- The Washington Times - Tuesday, September 24, 2013

Democrat Terry McAuliffe and Republican Kenneth T. Cuccinelli II could be getting their last, best chance to sway undecided Virginia voters Wednesday when they take the stage in a prime-time, televised debate hosted by the Fairfax County Chamber of Commerce.

Mr. McAuliffe has emerged with a slight edge in recent polling from a summer mostly notable for a fusillade of attack ads and the message from both camps that not only is their guy better, but the other candidate is simply not fit to be Virginia’s 72nd governor.

The latest RealClearPolitics polling average gives Mr. McAuliffe, formerly the chairman of the Democratic National Committee, a 4-point lead over Mr. Cuccinelli, the state’s attorney general, at 43 percent to 39 percent. Many voters say they’re undecided and some have indicated they’ll instead opt for Libertarian candidate Robert Sarvis, who will not be on the stage Wednesday.

Mr. Cuccinelli has recently adopted a general theme that even if voters don’t agree with him on every issue, they’ll always know where he stands as the GOP has tried to seize on Mr. McAuliffe’s shifting positions on issues like energy, immigration and health care.


The Republican will need to do more of that Wednesday to combat the McAuliffe campaign’s attempt to highlight his positions on social issues like abortion and gay rights, said Bob Holsworth, a former Virginia Commonwealth University professor and longtime observer of state politics.

“[Wednesday] night, Ken Cuccinelli has to be seen as a credible candidate, not a caricature,” Mr. Holsworth said Tuesday in an online conference call hosted by the nonpartisan Virginia Prosperity Project. “And that’s probably a bar that he should be able to achieve. But whether or not that’ll get enough play and whether a statewide debate for governor has the kind of impact that a presidential debate can have is another question altogether.”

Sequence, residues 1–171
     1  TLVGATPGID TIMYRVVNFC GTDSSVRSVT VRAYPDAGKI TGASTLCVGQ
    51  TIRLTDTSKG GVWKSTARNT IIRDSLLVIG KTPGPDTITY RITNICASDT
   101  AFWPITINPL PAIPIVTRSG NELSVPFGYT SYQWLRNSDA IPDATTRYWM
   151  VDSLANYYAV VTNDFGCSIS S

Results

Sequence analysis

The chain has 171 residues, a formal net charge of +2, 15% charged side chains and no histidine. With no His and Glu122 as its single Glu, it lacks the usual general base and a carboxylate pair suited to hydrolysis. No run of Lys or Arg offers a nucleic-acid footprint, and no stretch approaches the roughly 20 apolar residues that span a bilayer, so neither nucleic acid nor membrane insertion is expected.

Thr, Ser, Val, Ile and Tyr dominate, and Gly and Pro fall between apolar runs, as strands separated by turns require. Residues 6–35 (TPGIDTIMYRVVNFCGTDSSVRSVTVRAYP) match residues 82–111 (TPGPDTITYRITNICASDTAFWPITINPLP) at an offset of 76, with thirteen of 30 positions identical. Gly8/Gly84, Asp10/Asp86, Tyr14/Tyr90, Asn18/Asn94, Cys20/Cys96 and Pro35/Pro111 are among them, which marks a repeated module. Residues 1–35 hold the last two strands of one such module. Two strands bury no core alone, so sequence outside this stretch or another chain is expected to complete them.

The McAuliffe campaign, as it did before the first debate in July, played up Mr. Cuccinelli’s skills as a debater Tuesday.

Cuccinelli’s campaign has repeatedly elevated debates as the one place where they believe they have a decisive advantage. And Cuccinelli’s past opponents have always underestimated him in debates,” McAuliffe spokesman Brennan Bilberry wrote in a memo. “Even though Wednesday will certainly feature another of Cuccinelli’s characteristic debate performances, this time voters already know the truth about Cuccinelli’s extreme agenda.”

Mr. Holsworth called the stakes “very, very high” for Mr. Cuccinelli, who has to find a way to reverse a yawning gender gap that shows women supporting Mr. McAuliffe by 24-point and 18-point margins in two polls released Monday.

The Cuccinelli campaign, meanwhile, said the fact that the Republican is still within striking distance despite being outspent over the summer “speaks to the weakness of Terry McAuliffe as a serious and capable candidate.”

“[T]he more people hear Ken’s message and plan to create 58,000 more jobs, the more receptive and inclined they are in voting for him,” strategist Chris LaCivita wrote in his own advance memo Tuesday. “Tomorrow night, when voters see both men on the stage without their handlers, they are going to see that there’s only one candidate who is prepared and ready to lead them for the next four years: Ken Cuccinelli.”

Mr. Holsworth said the McAuliffe campaign is unlikely to make any drastic changes to the course they’ve charted but that the Democrat needs to be careful about coming off as flippant, pointing to his recent interview with a Northern Virginia technology group in which he reportedly said he’d accomplish his goals as governor by taking people out for drinks.

“I think that was a little too cute, and at the same time reinforced the Cuccinelli narrative that McAuliffe is not a serious candidate for Virginia governor,” he said. “So I think McAuliffe is going to have to show a little gravitas, going to show that he’s gubernatorial and that’ll be important for him.”

A third and final debate is scheduled to take place Oct. 24 at Virginia Tech in Blacksburg — about a week and a half before the election.